Russia's ultimate goal in Syria is the preservation of the Assad regime. If Assad goes, Russia stands to lose its only naval base in the Mediterranean Sea at the port city of Tartous. As Russia's only port in the Mediterranean - and its only toehold in the Middle East - this would be a major blow to Moscow.
For Putin, the perception of the US failing in the Middle East is a victory for him.
Even if Assad hangs onto power, he will never control all of Syria as it once was. Putin knows this. Therefore, it is likely Moscow will help shore up Assad's defences in the region around Latakia - where he maintains his strongest support. Luckily for Putin, this is also where his naval base is located.
Middle East Spoiler
Putin sees the Middle East as another region on his global chessboard that can serve as a spoiler of Western policy. Deep down, Putin does not care if the Middle East burns or if thousands die. For Putin, the perception of the US failing in the Middle East is a victory for him. Keeping a naval base for Russia is merely an added bonus.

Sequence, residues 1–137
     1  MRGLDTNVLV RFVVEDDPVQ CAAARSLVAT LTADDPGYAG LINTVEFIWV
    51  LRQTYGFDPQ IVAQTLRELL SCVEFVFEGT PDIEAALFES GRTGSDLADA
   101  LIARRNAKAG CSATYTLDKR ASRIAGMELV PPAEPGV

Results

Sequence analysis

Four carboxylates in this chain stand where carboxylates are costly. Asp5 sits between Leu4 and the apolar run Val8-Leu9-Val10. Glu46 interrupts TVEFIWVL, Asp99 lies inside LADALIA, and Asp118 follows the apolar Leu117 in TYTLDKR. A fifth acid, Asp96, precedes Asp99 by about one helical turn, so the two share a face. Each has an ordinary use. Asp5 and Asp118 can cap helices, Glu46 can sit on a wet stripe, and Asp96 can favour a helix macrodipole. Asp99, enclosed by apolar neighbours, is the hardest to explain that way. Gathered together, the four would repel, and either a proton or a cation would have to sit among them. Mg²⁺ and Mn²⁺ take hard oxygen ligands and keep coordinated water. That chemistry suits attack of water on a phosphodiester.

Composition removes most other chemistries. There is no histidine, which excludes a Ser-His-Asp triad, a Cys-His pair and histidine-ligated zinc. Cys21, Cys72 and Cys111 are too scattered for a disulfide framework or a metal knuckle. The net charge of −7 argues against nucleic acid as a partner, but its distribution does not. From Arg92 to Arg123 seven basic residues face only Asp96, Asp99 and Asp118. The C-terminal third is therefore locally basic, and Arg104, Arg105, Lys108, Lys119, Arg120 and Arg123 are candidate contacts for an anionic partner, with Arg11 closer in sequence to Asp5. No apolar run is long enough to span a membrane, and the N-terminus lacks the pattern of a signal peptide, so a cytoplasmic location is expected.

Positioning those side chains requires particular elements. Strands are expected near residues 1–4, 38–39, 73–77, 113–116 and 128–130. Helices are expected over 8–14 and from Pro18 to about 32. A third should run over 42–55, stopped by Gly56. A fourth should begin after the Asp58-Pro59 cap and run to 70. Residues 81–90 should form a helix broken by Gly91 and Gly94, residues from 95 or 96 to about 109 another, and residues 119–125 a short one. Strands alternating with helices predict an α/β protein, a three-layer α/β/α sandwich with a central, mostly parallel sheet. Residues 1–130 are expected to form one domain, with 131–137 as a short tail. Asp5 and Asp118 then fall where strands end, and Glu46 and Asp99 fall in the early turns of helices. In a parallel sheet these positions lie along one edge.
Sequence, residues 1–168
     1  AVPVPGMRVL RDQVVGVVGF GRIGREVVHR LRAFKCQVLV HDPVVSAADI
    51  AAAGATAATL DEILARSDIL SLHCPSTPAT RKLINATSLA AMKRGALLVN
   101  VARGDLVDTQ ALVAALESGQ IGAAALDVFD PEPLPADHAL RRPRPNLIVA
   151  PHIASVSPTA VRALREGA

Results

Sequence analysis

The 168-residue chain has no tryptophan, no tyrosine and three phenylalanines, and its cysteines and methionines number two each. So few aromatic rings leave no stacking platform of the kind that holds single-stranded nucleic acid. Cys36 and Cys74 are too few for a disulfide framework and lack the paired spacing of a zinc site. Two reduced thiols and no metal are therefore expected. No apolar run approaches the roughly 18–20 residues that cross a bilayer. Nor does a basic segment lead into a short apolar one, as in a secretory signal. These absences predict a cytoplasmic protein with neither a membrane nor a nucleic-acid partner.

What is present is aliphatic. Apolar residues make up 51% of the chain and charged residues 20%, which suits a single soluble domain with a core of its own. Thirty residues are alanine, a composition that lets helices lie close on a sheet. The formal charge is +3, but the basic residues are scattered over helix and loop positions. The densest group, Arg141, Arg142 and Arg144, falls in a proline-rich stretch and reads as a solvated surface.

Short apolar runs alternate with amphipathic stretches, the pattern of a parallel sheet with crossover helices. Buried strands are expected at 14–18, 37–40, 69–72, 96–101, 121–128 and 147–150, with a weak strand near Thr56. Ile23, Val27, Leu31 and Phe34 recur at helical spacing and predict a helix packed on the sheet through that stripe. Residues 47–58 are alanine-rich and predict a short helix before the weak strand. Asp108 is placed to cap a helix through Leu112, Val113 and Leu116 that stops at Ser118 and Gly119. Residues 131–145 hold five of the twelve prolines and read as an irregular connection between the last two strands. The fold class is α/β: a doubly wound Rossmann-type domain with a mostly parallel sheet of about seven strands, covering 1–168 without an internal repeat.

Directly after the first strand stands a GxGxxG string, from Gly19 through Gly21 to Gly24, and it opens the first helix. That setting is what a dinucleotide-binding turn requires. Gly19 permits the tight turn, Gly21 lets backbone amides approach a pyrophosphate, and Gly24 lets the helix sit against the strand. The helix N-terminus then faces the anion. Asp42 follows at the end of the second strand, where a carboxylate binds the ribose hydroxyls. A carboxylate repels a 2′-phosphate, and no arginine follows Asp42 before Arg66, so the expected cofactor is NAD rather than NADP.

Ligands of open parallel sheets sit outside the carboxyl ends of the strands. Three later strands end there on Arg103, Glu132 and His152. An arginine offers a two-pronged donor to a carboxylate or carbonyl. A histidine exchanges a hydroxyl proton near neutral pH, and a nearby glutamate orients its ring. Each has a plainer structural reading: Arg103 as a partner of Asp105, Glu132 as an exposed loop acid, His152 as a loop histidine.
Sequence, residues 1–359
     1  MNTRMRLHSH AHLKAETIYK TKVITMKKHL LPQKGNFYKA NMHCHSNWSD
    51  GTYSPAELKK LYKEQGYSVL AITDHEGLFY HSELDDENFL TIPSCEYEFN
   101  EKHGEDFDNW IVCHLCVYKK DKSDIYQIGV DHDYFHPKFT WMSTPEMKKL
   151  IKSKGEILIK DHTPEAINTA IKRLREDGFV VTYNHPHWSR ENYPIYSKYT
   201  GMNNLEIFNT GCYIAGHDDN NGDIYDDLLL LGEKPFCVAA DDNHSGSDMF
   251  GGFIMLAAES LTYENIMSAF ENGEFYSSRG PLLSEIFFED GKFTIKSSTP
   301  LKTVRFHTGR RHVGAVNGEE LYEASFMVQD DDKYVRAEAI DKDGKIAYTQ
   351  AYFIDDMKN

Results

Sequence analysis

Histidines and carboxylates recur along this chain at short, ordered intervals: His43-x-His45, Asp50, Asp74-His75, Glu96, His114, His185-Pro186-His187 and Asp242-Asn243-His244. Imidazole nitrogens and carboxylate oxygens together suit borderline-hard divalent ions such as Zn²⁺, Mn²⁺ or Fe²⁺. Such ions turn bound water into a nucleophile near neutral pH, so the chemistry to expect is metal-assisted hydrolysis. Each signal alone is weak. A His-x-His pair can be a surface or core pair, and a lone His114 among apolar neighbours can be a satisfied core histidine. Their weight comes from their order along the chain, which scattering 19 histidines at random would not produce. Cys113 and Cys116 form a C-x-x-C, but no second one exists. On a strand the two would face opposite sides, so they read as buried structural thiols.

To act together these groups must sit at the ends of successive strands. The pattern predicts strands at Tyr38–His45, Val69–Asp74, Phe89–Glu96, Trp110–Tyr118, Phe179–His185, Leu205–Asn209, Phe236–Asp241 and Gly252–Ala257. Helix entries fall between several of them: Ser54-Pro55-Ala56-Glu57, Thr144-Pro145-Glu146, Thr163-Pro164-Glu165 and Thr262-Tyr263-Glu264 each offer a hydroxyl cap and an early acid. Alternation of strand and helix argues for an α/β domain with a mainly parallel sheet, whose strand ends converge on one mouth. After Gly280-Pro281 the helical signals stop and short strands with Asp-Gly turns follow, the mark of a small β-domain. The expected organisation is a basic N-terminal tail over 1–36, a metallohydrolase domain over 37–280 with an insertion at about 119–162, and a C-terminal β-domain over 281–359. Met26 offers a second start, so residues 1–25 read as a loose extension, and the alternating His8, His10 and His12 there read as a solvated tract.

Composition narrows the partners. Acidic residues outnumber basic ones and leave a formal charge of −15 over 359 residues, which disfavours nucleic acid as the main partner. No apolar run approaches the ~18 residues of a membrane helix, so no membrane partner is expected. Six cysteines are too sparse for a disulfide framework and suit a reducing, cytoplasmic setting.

Assad is happy to play host to the Russians, no matter what the cost.
There has been a lot of focus on Iran being the primary guarantor of the Assad regime's survival. Though Tehran plays an important role in this regard, it should not be overstated.
While Iran can fund a war in Syria using proxies, it is only Russia that has the national resources and the expeditionary military capability to intervene in a meaningful way to prop up the regime.
More importantly, for Damascus, only Moscow has the right to veto on the UN Security Council that can delay, block, or frustrate international efforts that could result in the removal of Assad.
Russia Acts, the West Reacts
Obama believes that saying something is the same as doing it - that delivering a speech is the same as implementing policy. This is the main difference between Obama and Putin, and between the West and Russia.